Jul. 24, 2020 - My mother Helen is the reason why I fight to raise awareness of mental health and suicide prevention. Helen was an amazing mentor and confidant to me. I felt I could tell her anything. She was supportive, and helped me embrace all the aspects of life I was truly passionate about.
Above all, she pushed me to be a better person.
My life had been fairly ordinary up until one day in April of 2003. I was a junior in high school, and had my sights set on what the rest of my life would look like: going to college, landing a career, getting married, and starting a family of my own. But then, everything seemed to change for me in an instant.
I was only a couple of hours into my school day when the overhead speaker interrupted my teacher, requesting that I report to the principal’s office. A call had been made into the school asking for me to be sent home immediately, due to an emergency.
All the “what-ifs” I could imagine crossed my mind. It was only about a 15-minute commute between school and home, but I managed to cut it down to less than 10. I needed to know what was wrong.
I was halfway down the driveway when my brother’s fiancé stopped me, and let me know that my mother had died by suicide.
The pain I felt that day – that I continue to feel as a suicide loss survivor – is not a pain I would want anyone to experience.
It was thirteen years later when I was first introduced to the American Foundation for Suicide Prevention. A dear friend of mine, Madison, shared with me that she participates in the Out of the Darkness Community Walk in Pittsburgh, an event held every year to raise awareness and bring together people who have been affected by suicide. These walks, held in communities across the country, are also a way to remember those we have lost.
That year, Madison offered to walk in honor of my mother. The selfless act touched me, and this introduction sparked a curiosity within me to learn more about AFSP. The following year, she asked me to join her and her sister for the Community Walk.
It was a pivotal moment in my healing journey. At the Walk, I was surrounded by countless people who had all experienced the same pain I had experienced and shared the same mission to help others. The Community Walk gave me the support system I had been looking for since my mother’s passing. I found that the people I met understood what I had been through, without needing an explanation. These people, and those connected to AFSP through chapters across the country, are the heart of an organization that strives tirelessly for change.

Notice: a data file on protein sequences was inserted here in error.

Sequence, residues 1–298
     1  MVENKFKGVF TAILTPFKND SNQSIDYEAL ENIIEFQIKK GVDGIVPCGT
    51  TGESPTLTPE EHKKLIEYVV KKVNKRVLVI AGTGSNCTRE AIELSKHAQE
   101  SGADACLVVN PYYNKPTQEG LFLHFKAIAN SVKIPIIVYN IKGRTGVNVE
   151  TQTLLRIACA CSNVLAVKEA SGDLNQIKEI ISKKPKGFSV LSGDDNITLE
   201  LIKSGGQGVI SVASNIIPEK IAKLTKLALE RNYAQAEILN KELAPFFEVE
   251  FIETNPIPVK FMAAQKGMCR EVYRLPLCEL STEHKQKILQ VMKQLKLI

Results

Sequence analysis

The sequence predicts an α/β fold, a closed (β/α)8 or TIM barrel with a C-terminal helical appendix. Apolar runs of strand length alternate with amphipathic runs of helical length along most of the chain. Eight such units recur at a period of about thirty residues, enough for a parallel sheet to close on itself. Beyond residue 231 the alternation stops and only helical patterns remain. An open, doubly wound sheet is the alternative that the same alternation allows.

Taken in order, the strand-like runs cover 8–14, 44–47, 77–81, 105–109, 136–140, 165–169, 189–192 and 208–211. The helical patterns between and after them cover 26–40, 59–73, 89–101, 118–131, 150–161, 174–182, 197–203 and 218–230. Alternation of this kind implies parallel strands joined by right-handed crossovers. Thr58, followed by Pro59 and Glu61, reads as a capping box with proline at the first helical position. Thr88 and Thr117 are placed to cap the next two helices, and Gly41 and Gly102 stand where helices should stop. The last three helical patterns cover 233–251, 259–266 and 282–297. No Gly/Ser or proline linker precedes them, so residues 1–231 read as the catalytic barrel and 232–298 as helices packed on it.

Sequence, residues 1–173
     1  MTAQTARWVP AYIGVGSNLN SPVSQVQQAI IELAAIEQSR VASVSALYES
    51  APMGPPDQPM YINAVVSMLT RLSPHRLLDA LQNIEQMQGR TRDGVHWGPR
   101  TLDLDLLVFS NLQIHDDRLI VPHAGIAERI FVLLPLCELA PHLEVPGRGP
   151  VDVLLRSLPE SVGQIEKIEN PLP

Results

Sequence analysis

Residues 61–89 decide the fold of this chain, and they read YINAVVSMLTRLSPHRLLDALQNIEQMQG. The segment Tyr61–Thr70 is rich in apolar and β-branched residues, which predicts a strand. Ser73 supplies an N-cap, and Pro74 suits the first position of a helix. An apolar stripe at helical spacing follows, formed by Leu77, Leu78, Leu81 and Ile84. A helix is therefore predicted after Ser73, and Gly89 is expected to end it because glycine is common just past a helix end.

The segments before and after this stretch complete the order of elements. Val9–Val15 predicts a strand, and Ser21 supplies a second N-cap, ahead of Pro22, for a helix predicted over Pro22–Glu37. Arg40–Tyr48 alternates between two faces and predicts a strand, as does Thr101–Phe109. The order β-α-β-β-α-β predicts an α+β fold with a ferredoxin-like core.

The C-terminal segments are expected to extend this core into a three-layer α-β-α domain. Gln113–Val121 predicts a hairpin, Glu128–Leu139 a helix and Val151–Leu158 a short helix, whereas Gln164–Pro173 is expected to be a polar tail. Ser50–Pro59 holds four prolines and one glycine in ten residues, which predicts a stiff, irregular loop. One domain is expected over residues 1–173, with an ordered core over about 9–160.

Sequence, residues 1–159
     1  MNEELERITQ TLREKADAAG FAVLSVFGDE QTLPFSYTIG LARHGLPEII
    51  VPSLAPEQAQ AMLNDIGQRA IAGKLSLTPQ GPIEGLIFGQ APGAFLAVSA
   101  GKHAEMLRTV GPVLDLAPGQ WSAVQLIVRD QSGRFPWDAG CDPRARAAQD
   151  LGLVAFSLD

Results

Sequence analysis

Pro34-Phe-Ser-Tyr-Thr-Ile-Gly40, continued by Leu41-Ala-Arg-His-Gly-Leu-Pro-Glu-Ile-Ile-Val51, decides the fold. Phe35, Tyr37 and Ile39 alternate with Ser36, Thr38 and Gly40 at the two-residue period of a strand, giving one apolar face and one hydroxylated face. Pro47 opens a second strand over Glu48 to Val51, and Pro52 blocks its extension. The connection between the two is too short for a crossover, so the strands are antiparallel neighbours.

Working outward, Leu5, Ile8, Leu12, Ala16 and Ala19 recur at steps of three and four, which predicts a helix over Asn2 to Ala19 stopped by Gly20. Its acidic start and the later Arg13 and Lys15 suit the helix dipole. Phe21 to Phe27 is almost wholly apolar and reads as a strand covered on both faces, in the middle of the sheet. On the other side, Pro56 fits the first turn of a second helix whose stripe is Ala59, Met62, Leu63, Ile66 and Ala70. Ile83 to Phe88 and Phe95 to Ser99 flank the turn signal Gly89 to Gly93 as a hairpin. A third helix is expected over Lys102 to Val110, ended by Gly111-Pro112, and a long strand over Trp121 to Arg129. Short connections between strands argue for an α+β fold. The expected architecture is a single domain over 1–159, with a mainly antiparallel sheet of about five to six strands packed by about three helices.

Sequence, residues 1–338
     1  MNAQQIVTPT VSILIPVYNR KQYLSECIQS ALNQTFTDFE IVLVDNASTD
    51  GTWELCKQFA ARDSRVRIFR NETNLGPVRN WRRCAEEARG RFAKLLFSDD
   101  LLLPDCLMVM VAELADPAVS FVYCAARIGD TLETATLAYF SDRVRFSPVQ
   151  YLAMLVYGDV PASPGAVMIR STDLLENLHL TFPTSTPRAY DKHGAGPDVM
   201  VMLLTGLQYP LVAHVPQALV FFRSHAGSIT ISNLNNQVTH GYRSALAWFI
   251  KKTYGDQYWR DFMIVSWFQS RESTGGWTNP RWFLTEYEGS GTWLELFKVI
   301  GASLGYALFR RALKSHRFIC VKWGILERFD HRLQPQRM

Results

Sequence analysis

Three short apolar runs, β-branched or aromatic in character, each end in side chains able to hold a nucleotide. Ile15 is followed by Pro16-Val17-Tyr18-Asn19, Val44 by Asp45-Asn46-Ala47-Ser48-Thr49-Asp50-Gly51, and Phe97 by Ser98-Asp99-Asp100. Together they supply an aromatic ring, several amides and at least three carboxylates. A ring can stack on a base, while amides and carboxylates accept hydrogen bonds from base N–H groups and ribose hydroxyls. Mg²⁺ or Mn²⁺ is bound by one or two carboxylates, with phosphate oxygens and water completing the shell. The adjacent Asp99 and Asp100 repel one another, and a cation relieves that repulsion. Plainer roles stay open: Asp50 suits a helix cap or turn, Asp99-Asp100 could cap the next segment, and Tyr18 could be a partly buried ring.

Not too long after that, I decided to sign up to be a volunteer for our local AFSP Western Pennsylvania Chapter. As I officially joined the fight to raise mental health awareness and educate others about suicide prevention, I felt a new sense of purpose in life. I proudly donated my time to the chapter, tabling at several events and delivering Talk Saves Lives presentations in our community. These presentations, offered by local chapters nationwide, educate participants on risk factors and warning signs for suicide, and how to connect people to help when they need it. Facilitating these programs was incredibly fulfilling.
Soon after, an opportunity to act as our chapter’s Loss and Healing Chair presented itself. In that role, I’m afforded the opportunity to host our annual International Survivors of Suicide Loss Day, an event that takes place each year on the Saturday before American Thanksgiving. Survivor Day is a unique event filled with many emotions, but most importantly it is a day of hope and healing for our community of loss survivors. In addition, as our chapter’s Loss and Healing Chair, I work closely with our volunteers through our Healing Conversations program, which provides myself and other chapter volunteers who are loss survivors the opportunity to provide one-on-one support to those who have experienced a recent loss of a loved one by suicide.
It wasn’t until I joined AFSP that I truly started to heal from the loss of my mother. While the pain does not go away completely, it has been much easier to bear over time, because I’m continually healing by helping and supporting those who are just starting their healing journey themselves. The journey as a loss survivor can feel so isolating at times, and it helps a great deal to know we are not alone.
I have always wanted to help others in an impactful way, but I never knew how I was going to do that to the extent that I wanted to, until now. This journey has felt like the universe was opening the door for me to start to help those affected by suicide, and I’ve eagerly seized the opportunity.
This organization, and in particular our local chapter, mean so much to me. The work we do continues to aid in my healing, and I will continue this fight until I am confident no other son has to experience the loss of his mother.
The work of AFSP, such an important component in my own healing journey, gives me hope that someday we will have a world without suicide.